Vazquez unlikely to waive no-trade clause
Angels have interest, but hurler can veto deal to West team
ATLANTA -- A Major League source has confirmed that it is highly unlikely Javier Vazquez would provide the Braves clearance to trade him to the Angels.
Recent reports have indicated that the Halos have expressed interest in acquiring Vazquez from Atlanta. But it appears that this interest will be negated by the limited no-trade clause that provides the 33-year-old right-hander the right to veto any trades that involve clubs that compete in the West divisions of both the American and National Leagues.
After spending the 2005 season with the D-backs, Vazquez determined that it was his preference to never again play for a team located near the West Coast. His friends have said his desire to include this partial no-trade clause in his current contract was a product of the fact that he wants to remain in close proximity to his friends and family members that still reside in his native Puerto Rico.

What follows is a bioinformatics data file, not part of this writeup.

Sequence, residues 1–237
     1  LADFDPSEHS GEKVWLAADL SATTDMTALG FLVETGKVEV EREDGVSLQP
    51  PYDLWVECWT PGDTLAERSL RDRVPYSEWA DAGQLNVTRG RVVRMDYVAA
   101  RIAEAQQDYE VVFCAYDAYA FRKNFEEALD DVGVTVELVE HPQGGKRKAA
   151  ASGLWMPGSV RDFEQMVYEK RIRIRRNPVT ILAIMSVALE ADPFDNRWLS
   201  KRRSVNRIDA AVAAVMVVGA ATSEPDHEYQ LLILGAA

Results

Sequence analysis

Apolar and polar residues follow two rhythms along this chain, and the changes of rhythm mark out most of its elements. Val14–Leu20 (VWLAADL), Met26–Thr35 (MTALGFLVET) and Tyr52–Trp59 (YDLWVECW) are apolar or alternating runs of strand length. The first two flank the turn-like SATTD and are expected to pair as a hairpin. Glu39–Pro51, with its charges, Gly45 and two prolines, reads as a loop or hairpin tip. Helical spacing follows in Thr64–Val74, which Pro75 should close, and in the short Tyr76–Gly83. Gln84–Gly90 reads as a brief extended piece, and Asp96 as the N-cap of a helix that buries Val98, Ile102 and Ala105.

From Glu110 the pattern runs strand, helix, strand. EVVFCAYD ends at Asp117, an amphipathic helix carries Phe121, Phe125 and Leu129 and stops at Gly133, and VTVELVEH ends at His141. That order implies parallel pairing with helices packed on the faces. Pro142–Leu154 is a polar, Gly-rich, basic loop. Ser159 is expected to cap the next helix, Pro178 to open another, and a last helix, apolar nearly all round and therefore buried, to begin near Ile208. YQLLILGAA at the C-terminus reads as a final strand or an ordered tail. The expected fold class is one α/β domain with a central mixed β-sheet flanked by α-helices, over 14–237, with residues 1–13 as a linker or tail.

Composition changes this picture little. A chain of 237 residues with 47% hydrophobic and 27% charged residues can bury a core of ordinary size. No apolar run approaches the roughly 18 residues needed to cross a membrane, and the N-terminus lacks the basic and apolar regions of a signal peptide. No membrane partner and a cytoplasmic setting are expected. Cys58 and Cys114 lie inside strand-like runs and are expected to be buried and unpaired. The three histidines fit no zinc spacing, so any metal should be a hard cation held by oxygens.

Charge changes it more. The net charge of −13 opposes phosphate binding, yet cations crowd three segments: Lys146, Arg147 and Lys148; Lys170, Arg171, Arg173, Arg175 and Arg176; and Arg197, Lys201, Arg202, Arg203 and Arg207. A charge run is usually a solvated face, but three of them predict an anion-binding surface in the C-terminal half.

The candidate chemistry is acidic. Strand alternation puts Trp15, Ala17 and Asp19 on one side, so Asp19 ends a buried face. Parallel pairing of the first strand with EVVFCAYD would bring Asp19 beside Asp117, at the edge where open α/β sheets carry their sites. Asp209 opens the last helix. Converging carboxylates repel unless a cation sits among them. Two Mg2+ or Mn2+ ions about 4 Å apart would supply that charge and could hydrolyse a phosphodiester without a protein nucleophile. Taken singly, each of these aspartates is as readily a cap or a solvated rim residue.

While the Braves have publicly said that they are attempting to trade one of their high-priced starting pitchers, it has become evident throughout the baseball industry that they are much more interested in moving Derek Lowe and keeping Vazquez for at least one more season.
Vazquez, who finished fourth in this year's balloting for the National League Cy Young Award, has said that he would like to pitch in Atlanta beyond the end of the 2010 season when his current contract expires.
If the Braves are able to trade Lowe, they are expected to begin talking to Vazquez about a possible contract extension.
Earlier this week, Lowe told MLB.com that he has gained the belief that he will definitely be the high-priced starter that the Braves will eventually move. But some potential suitors have been deterred by the fact that he is owed $45 million over the next three seasons.
Vazquez, who is four years younger than Lowe, will make $11.5 million before becoming eligible for free agency at the completion of the 2010 season.
Mark Bowman is a reporter for MLB.com. This story was not subject to the approval of Major League Baseball or its clubs.